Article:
This book will make your heart happy; I guarantee it. It's a book that's very, very difficult to put down. Harold Fry is 65, and he and his wife don't get on so well any more. She's waiting for their son to come home (he hasn't visited in twenty years), and Harold feels that his life has slipped by and still continues to do so. One morning he gets a letter from Queenie, who is in a hospice in Berwick Upon Tweed. She used to work with Harold, and once did him a very big favour. The letter tells him that she is dying, and she wanted to write and say goodbye. Harold cannot find the right words to write back to her; he feels that whatever he can say will not be enough. He writes a hurried reply and heads out to the post box. But, when he gets to the post box, he decides that getting there was far too easy; he'll walk to the next one. And then when he gets there he decides to walk the next, and then the next. Eventually, he decides that he's going to walk all the way to Berwick Upon Tweed to go and see Queenie in person. He believes that this walking is a grand enough act to keep her alive; it will be a pilgrimage. He has no walking boots, and no walking socks. He doesn't have a mobile phone. He doesn't even have a change of clothes, but he doesn't care. He's going to do this, and it is going to matter. It's an adorable book. I fell completely in love.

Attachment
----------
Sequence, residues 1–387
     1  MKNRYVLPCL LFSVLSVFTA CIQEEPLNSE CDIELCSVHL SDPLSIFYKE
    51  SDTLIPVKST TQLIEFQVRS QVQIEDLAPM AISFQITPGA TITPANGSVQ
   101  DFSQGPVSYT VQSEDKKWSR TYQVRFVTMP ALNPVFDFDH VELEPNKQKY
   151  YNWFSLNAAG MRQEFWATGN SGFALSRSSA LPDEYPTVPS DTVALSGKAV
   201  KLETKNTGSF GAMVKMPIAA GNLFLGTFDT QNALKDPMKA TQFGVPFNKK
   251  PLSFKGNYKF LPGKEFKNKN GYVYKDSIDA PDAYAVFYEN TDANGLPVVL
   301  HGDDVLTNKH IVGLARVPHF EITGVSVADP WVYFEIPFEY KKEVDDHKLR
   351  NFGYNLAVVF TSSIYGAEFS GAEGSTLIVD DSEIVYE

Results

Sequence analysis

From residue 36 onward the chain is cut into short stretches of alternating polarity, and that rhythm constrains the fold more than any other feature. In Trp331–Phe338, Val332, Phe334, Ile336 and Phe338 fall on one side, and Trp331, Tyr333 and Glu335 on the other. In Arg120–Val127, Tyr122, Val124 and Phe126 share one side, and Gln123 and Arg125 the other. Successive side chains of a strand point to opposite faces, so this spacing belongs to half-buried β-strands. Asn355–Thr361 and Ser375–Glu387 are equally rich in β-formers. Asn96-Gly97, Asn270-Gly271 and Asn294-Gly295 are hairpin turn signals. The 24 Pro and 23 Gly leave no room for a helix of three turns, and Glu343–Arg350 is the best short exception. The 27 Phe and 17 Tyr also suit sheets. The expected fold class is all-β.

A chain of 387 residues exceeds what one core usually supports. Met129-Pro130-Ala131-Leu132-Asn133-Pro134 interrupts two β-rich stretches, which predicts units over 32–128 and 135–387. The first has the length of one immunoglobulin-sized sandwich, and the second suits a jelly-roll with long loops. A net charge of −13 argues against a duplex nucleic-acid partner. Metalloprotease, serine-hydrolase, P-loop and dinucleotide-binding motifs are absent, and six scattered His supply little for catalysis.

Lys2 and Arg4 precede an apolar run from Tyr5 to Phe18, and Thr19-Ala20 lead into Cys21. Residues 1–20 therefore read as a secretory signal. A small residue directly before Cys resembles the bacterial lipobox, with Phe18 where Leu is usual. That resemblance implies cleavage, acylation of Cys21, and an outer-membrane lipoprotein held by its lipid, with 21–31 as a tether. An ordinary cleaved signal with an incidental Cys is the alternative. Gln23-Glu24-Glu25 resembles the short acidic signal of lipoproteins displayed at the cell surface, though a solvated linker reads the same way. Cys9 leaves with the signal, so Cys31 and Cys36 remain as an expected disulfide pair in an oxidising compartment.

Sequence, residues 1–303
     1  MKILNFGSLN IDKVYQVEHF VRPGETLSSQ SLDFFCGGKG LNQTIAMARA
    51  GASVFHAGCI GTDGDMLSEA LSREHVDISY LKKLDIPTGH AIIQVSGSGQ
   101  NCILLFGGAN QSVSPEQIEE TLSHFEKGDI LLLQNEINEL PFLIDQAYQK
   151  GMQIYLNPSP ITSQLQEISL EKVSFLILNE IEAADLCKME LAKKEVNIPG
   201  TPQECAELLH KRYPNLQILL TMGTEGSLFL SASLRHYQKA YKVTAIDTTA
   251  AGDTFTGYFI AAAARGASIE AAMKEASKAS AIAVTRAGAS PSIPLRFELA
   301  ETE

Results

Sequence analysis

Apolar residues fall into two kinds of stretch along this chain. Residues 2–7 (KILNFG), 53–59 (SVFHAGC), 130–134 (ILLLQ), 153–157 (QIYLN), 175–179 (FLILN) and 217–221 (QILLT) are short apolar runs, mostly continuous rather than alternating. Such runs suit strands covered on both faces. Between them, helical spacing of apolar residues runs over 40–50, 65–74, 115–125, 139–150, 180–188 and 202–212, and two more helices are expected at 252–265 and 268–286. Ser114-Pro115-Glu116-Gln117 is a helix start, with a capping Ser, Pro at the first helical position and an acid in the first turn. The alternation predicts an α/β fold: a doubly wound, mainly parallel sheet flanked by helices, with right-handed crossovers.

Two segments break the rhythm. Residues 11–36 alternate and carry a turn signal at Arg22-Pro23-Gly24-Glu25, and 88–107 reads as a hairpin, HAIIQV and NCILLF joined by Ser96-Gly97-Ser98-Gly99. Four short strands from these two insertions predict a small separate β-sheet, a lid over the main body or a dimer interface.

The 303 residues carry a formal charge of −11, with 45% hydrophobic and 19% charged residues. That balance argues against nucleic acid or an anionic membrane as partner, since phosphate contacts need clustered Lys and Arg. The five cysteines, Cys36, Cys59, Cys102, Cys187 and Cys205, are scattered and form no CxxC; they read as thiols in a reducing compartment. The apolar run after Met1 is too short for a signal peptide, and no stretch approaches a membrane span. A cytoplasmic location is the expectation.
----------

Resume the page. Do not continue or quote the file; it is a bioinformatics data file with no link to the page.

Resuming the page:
N. P. - Banana Yoshimoto

This is a book about a cursed story, or rather a cursed family that are reminded about their past through a story they can never escape from. Those who have tried to translate it from Japanese have become so engrossed in it that they commit suicide. It draws them in and possesses them; it refuses to allow them to get on with their lives. Kazami is witness to this. She is an observer to a self-destructive family filled with repression. Sui, a long lost daughter and brother, who has slept with both her father and brother, is a destructive person. She's a whirlwind - entering lives fleetingly and powerfully. She takes over Kazami's summer, and Kazami oddly falls under her power; questioning her feelings towards her. This is a dark book, and a story that will also chase you around when you're not reading it. It gets under your skin and won't let go. 

6 comments:

  1. Sigh...more books to add to the stack...I will never get time to read them all!

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    1. I'm trying to put myself on a book buying ban as I have so many on the pile... but I am failing miserably!

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  2. These all look great! I'll put them on my (ever growing, impossible to finish, I'll-have-to-quit-work-and-read-full-time-to-even-make-a-dent-in) list! Thanks!

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  3. If you loved Harold Fry you will absolutley fall in love with The hundred year old man who climbed out his window and disappeared by Jonas Jonasson - i loved Harold Fry immensly, then read 100 year old man and was smitten!


    Was just talking to my Murdoch rep about you too here in Hamilton, New Zealand! Can't wait for the book to come in!

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    1. I have that on my to-read pile :) will get to it asap. x